9 found
Order:
Disambiguations
Alex Friedman [4]Alexander Friedman [3]Alexander W. Friedman [2]
  1.  42
    Beyond Accountability for Reasonableness.Alex Friedman - 2008 - Bioethics 22 (2):101–112.
  2.  31
    Which Benefits of Research Participation Count as 'Direct'?Alexander Friedman, Emily Robbins & David Wendler - 2012 - Bioethics 26 (2):60-67.
    It is widely held that individuals who are unable to provide informed consent should be enrolled in clinical research only when the risks are low, or the research offers them the prospect of direct benefit. There is now a rich literature on when the risks of clinical research are low enough to enroll individuals who cannot consent. Much less attention has focused on which benefits of research participation count as ‘direct’, and the few existing accounts disagree over how this crucial (...)
    Direct download (8 more)  
     
    Export citation  
     
    Bookmark   5 citations  
  3.  33
    Does the Elephant Belong in the Room?Alexander Friedman - 2008 - American Journal of Bioethics 8 (10):51 – 52.
  4.  52
    Intransitive Ethics.Alex Friedman - 2009 - Journal of Moral Philosophy 6 (3):277-297.
    This article addresses the question of whether the relation of moral preference is transitive. I argue, following Larry Temkin and Stuart Rachels, that any ethical theory complex enough to be even minimally plausible allows us to generate intransitive sets of preferences. Even act utilitarianism cannot avoid this predicament unless we accept its least plausible version. We must reevaluate the assumption that an ethical theory must be transitive in order to be rational. This problem amounts to a foundational crisis in ethics. (...)
    Direct download (5 more)  
     
    Export citation  
     
    Bookmark   3 citations  
  5.  48
    Intransitivity and Priority Setting.Alex Friedman & Marion Danis - 2011 - Journal of Philosophical Research 36:173-189.
    It is a basic and intuitive assumption that the relation of moral preference must be transitive—if A is overall morally preferable to B; and B is overall morally preferably to C; then, if our views are coherent, it better be the case that A is overall morally preferable to C. However, recent work by Temkin and Rachels has undermined that assumption by showing that common-sense ethical distributive principles that we are unlikely to give up generate intransitive sets of moral preferences. (...)
    Direct download (4 more)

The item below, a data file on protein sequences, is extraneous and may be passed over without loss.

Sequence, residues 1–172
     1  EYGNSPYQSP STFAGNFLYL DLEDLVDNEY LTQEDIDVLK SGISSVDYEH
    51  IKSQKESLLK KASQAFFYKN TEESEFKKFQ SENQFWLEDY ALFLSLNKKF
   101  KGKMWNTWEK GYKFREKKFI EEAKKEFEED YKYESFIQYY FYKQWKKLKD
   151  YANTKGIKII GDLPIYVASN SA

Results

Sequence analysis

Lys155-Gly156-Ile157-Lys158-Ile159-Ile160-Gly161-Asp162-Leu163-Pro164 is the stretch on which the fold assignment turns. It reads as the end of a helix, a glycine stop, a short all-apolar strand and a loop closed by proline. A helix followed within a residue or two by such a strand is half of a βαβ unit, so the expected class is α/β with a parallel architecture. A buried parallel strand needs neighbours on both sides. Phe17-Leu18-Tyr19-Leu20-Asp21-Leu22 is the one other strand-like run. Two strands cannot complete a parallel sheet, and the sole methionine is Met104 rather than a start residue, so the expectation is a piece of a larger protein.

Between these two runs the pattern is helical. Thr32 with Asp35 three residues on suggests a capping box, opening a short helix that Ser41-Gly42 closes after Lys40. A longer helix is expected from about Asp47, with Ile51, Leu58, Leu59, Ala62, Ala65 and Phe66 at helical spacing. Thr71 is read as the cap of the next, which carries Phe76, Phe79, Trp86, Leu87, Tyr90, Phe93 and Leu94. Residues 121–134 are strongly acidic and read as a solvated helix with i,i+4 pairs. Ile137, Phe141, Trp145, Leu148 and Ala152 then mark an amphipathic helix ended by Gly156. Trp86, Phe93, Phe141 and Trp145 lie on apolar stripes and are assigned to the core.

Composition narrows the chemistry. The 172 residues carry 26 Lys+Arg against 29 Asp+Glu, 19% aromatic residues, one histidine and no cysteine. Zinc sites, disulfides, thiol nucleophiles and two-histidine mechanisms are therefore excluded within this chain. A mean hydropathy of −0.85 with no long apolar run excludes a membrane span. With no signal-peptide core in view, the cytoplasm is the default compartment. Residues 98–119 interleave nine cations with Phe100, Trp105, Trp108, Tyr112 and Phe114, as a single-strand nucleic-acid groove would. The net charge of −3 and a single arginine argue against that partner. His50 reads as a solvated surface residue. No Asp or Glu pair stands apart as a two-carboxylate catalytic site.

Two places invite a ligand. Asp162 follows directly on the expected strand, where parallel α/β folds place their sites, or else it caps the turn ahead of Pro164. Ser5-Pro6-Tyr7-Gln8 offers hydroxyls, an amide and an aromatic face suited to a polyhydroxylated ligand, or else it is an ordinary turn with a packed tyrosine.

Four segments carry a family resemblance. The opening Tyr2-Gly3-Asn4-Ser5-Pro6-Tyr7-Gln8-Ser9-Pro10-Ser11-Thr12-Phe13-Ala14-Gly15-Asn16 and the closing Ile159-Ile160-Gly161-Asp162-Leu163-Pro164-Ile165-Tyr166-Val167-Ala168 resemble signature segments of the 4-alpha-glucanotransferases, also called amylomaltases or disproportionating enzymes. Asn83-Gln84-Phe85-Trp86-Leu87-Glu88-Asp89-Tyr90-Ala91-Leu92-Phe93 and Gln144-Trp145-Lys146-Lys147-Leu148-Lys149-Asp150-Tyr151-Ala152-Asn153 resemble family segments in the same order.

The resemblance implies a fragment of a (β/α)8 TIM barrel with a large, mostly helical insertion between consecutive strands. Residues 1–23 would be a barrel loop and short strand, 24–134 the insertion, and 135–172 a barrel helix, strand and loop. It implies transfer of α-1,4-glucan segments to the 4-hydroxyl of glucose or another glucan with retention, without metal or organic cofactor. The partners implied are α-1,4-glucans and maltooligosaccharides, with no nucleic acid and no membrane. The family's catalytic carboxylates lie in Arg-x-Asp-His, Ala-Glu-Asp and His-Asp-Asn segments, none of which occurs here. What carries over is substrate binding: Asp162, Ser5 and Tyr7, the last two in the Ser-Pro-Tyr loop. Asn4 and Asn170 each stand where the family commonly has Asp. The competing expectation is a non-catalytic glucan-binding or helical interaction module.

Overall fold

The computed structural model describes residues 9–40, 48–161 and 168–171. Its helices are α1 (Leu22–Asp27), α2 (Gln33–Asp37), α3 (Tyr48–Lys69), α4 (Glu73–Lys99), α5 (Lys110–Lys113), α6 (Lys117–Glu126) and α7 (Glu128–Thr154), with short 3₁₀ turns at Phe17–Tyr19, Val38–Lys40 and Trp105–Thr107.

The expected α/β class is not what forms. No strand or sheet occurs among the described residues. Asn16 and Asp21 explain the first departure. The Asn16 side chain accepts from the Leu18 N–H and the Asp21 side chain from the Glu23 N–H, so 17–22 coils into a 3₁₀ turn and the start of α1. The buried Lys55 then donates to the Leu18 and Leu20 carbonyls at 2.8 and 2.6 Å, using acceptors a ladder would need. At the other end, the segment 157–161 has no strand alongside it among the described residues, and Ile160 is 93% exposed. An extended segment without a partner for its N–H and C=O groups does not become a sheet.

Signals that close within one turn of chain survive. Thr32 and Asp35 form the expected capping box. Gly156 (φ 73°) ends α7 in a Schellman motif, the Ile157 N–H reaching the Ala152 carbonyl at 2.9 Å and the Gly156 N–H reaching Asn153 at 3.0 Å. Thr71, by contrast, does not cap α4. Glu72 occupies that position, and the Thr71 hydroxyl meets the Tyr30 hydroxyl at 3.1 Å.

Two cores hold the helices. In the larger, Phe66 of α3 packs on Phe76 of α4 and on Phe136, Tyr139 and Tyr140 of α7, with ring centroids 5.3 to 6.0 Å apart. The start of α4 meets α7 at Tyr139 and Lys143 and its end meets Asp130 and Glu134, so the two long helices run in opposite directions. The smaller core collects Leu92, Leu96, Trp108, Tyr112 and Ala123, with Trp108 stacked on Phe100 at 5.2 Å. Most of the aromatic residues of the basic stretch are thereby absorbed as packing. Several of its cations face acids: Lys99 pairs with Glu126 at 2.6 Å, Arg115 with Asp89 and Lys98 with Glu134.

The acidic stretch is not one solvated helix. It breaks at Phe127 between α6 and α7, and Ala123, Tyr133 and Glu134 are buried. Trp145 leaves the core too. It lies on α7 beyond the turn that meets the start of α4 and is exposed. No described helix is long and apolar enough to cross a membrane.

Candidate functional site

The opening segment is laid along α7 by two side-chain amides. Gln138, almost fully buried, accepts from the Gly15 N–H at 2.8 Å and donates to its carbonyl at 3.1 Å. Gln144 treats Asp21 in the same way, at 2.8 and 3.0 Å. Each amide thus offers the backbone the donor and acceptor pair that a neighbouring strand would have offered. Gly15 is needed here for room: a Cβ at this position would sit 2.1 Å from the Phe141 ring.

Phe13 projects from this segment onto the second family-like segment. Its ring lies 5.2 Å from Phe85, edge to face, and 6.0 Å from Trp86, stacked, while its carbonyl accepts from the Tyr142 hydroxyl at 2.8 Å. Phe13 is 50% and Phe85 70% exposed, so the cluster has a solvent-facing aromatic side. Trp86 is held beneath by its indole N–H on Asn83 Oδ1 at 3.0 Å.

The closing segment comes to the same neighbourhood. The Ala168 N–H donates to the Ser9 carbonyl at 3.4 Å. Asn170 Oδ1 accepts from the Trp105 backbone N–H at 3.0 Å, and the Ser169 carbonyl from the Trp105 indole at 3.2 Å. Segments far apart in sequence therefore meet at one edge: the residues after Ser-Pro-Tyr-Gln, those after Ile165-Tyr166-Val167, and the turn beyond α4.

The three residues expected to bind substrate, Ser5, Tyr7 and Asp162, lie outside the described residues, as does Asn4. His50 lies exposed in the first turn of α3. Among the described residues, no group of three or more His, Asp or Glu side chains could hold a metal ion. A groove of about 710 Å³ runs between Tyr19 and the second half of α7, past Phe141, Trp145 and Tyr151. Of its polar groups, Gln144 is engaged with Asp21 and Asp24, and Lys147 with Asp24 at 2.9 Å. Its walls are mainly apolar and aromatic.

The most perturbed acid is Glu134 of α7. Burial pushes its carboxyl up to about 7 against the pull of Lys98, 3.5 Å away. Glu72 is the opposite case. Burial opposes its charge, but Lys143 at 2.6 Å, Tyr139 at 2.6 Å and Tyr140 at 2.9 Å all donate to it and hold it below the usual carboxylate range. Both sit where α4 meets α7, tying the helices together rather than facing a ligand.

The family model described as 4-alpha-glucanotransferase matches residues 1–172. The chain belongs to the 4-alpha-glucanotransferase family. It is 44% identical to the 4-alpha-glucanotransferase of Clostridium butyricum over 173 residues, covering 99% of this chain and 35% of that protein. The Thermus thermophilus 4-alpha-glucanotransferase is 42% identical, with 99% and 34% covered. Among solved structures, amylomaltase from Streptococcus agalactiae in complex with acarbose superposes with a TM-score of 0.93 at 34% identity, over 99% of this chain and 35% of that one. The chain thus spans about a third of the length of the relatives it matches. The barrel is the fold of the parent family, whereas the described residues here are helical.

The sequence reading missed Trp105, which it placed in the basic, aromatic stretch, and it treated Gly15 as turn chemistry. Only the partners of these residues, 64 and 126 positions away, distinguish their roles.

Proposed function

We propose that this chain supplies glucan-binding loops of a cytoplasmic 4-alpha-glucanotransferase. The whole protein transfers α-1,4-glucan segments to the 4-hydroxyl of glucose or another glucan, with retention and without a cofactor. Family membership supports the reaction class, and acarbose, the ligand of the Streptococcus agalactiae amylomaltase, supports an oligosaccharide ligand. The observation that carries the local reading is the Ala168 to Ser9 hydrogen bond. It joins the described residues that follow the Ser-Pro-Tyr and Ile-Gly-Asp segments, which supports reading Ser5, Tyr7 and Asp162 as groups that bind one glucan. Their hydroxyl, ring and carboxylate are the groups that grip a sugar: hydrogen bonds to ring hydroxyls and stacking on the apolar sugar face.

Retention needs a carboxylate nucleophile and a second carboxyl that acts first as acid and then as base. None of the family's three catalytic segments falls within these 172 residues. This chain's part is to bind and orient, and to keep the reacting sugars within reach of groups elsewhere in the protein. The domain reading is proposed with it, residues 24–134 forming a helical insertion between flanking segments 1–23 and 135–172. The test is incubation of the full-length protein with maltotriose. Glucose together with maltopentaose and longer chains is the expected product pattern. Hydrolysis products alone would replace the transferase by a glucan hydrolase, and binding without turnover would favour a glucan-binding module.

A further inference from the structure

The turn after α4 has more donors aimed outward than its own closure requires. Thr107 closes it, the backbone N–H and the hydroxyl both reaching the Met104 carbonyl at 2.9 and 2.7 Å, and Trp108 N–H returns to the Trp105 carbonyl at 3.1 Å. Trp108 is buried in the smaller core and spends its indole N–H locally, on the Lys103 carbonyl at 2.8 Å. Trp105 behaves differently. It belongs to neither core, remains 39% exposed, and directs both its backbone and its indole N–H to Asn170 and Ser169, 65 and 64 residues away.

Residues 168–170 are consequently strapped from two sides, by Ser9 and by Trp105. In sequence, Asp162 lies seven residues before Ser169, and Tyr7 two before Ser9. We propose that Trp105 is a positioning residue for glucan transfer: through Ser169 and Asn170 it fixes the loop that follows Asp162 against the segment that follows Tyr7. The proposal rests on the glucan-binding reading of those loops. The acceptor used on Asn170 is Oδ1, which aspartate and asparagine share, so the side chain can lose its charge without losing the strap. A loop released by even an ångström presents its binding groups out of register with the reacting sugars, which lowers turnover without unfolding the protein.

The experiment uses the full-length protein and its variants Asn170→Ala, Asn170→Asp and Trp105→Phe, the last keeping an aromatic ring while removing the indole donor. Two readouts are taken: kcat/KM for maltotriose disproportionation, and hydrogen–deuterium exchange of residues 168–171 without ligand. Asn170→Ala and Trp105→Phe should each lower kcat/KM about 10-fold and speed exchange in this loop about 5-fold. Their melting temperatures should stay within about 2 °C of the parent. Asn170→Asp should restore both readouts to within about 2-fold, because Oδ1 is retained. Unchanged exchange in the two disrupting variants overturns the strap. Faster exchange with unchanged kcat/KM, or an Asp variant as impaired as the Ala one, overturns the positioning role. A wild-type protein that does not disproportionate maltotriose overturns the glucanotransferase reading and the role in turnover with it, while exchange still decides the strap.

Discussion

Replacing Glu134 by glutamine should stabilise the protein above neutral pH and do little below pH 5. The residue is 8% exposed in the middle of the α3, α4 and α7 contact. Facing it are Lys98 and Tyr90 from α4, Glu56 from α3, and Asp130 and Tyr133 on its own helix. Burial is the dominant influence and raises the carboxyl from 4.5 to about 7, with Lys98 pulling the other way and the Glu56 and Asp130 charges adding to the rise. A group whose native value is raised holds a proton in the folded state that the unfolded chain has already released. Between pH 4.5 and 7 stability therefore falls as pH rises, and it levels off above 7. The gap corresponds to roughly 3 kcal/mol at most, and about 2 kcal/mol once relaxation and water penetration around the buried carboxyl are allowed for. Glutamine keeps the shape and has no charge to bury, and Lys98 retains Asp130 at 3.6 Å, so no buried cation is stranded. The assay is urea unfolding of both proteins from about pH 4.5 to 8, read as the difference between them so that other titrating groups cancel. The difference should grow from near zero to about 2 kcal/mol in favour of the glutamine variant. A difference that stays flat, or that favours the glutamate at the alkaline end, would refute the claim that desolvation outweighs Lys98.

Export citation  
     
    Bookmark   1 citation  
  6.  44
    Rationing and Social Value Judgments.Alexander W. Friedman - 2011 - American Journal of Bioethics 11 (7):28 - 29.
    The American Journal of Bioethics, Volume 11, Issue 7, Page 28-29, July 2011.
    Direct download (3 more)  
     
    Export citation  
     
    Bookmark   1 citation  
  7.  11
    Intransitivity and Priority Setting.Alex Friedman & Marion Danis - 2011 - Journal of Philosophical Research 36:173-189.
    It is a basic and intuitive assumption that the relation of moral preference must be transitive—if A is overall morally preferable to B; and B is overall morally preferably to C; then, if our views are coherent, it better be the case that A is overall morally preferable to C. However, recent work by Temkin and Rachels has undermined that assumption by showing that common-sense ethical distributive principles that we are unlikely to give up generate intransitive sets of moral preferences. (...)
    No categories
    Direct download (3 more)  
     
    Export citation  
     
    Bookmark   1 citation  
  8.  25
    Complete Lives, Incomplete Theories.Alexander Friedman - 2010 - American Journal of Bioethics 10 (4):58 – 60.
  9. Minimizing Harm: Three Problems in Moral Theory.Alexander W. Friedman - 2002 - Dissertation, Massachusetts Institute of Technology
    Distance and morality. I argue that in "Faminine Ethics: the Problem of Distance in Morality and Singer's Ethical Theory" Frances Kamm fails to produce a pair of cases in which a moral difference is present that is not attributable to factors other than distance. I also point out that Kamm's attempts at explaining why distance could possibly matter in morality fall far short. I conclude that there is no reason for us to believe that distance matters in morality and offer (...)
     
    Export citation  
     
    Bookmark